Further discussion of other aspects of the radioactivity age estimates does not appear necessary here. The important features of these data are all now seen to be explainable in terms of the phenomena and activity associated with the Creation and the Deluge. It is not at all necessary to interpret them as teaching the immense ages hitherto inferred therefrom. In fact the gross and entirely unwarranted assumptions on which they are based (especially uniformity and denial of any true creation), in contrast to the sound basis in Holy Scripture upon which the assumptions in our interpretation are based, justify the assertion that the latter is actually much better oriented scientifically than the former."




[ pp. 344-346]

"...The Bible quite plainly and irrefutably teaches the fact of a 'grown' Creation - one with an 'apparent age' of some sort, analogous to the 'apparent age' of a mature Adam at the first instant of his existence...

..The uniqueness of Adam and Eve's creation... emphasized in the New Testament: 'For Adam was first formed, then Eve' (I Tim. 2:13), '...for the man is not of the woman, but the woman of the man' (I Cor. 11:8). Similarly, most of the Biblical miracles stress true creative activity, in which the time factor is immensely compressed: for example, the transformation of water into wine (John 2:10), creation of 'apparent age' in other words...

..This Creation must have included all the chemical elements already organized in all the organic and inorganic chemical compounds and mixtures necessary to support the processes of the earth and of life on the earth. These processes include the phenomena of radioactivity. It is perhaps possible [but not Biblical] that only the parent elements of the radioactivity decay chains were originally created, but it is eminently more harmonious with the whole concept of a complete [Biblical] Creation to say that all the elements of the chain were also created simultaneously, most likely in a state of radioactive equilibrium.

This means that, with each mineral containing a radioactive element, there were also at the original Creation all of the daughter elements in the decay series, including some of the final stable end-product. Such a concept is undoubtedly shocking to the mind of a consistent uniformitarian, but there is nothing impossible or unreasonable about it. In fact, short of denying the existence of any Creator or original Creation at all, one must logically come to some place in the long chain of secondary causes where something was created. If so, that something, at the instant of its creation, must have had an 'appearance of age.' And the only way we could then determine its 'true age' would be through divine revelation. An 'apparent age' might of course be deduced for that something on the basis of any processes of change which were observed in connection with it, but this would not be the true age.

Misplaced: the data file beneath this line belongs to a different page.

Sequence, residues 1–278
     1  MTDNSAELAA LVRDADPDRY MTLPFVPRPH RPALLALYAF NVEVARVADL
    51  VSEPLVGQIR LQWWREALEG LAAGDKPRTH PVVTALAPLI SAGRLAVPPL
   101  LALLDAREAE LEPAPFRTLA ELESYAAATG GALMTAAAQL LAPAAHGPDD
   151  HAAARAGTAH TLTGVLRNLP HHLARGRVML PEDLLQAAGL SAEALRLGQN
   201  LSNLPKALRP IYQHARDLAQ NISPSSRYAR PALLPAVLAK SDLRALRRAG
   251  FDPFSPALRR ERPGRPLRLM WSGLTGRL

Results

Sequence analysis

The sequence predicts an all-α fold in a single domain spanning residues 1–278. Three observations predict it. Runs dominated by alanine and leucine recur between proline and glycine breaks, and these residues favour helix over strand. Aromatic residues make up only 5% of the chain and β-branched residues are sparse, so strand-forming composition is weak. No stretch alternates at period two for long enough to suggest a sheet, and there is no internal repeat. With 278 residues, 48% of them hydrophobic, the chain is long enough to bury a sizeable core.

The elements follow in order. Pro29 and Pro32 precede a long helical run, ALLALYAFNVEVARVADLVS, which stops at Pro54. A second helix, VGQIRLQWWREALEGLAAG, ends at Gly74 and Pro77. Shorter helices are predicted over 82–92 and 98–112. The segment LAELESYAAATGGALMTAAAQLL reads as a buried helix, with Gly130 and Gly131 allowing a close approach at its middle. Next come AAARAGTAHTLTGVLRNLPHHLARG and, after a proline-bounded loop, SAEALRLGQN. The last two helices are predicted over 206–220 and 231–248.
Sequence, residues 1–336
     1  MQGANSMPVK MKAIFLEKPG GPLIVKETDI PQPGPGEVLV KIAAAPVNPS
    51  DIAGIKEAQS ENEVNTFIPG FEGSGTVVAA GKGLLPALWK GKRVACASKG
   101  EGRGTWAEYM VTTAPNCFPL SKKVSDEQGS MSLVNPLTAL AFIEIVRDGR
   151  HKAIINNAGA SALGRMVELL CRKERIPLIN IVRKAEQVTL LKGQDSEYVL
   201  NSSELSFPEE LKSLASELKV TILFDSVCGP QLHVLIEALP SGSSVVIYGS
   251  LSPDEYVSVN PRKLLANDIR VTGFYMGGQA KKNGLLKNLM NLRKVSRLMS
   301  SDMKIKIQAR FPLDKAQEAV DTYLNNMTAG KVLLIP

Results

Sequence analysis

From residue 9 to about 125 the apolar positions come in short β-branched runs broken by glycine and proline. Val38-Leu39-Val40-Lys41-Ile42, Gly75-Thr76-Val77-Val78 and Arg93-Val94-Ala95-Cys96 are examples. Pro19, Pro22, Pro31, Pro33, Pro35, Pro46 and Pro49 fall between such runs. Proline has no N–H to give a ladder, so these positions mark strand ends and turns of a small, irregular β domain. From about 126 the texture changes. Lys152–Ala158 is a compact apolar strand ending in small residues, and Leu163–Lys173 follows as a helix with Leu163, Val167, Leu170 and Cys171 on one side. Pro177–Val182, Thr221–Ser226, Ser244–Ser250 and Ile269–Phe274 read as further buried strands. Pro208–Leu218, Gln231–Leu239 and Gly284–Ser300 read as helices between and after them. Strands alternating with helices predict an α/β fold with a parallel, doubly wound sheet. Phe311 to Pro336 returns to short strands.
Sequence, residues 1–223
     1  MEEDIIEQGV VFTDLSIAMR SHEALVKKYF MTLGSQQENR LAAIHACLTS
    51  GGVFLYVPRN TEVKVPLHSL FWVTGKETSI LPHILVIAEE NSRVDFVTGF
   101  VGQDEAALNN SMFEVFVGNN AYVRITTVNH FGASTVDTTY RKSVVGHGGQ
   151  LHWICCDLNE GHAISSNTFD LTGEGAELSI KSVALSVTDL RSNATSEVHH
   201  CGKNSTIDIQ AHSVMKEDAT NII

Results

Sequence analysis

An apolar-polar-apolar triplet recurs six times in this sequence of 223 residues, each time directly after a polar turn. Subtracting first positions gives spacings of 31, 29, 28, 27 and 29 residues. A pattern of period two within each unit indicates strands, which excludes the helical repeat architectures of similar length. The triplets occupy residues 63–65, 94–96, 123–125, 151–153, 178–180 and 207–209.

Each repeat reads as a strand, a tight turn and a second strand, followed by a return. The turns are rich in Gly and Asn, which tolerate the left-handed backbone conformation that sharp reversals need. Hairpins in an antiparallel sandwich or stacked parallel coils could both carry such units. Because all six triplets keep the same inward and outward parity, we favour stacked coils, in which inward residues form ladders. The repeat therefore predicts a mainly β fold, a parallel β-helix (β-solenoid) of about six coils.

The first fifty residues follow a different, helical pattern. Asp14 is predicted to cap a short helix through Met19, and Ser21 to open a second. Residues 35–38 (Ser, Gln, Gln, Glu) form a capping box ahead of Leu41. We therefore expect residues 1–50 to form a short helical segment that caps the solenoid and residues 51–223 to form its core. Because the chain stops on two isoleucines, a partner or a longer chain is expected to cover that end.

And this is exactly the situation we find in connection with these radioactive elements and with many other geochronometers. It is eminently reasonable and consistent with the basically efficient and beneficent character of God, as well as with His revelation concerning the fact, that He would have created the entire universe as a complete, operational, functioning mechanism. The grossly cruel and wasteful processes of an almost interminable [wearisomely protracted] evolution leading up to man's arrival as its goal, as usually envisioned by uniformitarians, (or at least by theistic uniformitarians), are on the other hand utterly inconsistent with the character and wisdom of God! It is therefore not ridiculous after all, but perfectly reasonable, to suppose that the radiogenic elements, like all other elements, were created directly by God.

The obvious question then arises as to whether the 'apparent ages' of the minerals so created, as indicated by the relative amounts of 'parent' and 'daughter' elements contained therein, would all be diverse from each other or whether they would all exhibit some consistent value; and if the latter, what value of apparent age might be implied.

In the absence of specific revelation, it seems impossible to decide this question with finality. However, it is more satisfying teleologically, [i.e., to explain everything from a designed rather than from an evolved standpoint] and therefore more reasonable, to infer that all these primeval clocks, since they were 'wound up' at the same time, were also set to 'read' the same time. Whatever this 'setting' was, we may call it the 'apparent age' of the earth, but the 'true age' of the earth can only be known by means of divine revelation. [which today is limited to the Bible]"

[pp. 354-355]

"We conclude, therefore, that a time measurement based on the principle of radioactive decay is in itself quite inconclusive. It is, in the first place, quite reasonable to believe that both parent and daughter elements in each radioactive chain were created at the beginning, probably in 'equilibrium' amounts. The amount of originally created radiogenic end-product in each chain is uncertain; it is likely, however, that homologous amounts were created in all such minerals so that all such elements would, when created, give an 'appearance' of the same degree of maturity or of age. Furthermore, the intense environmental radiation present in the upper atmosphere could well have resulted in much higher decay rates for the radioactive elements at one or more times in the past.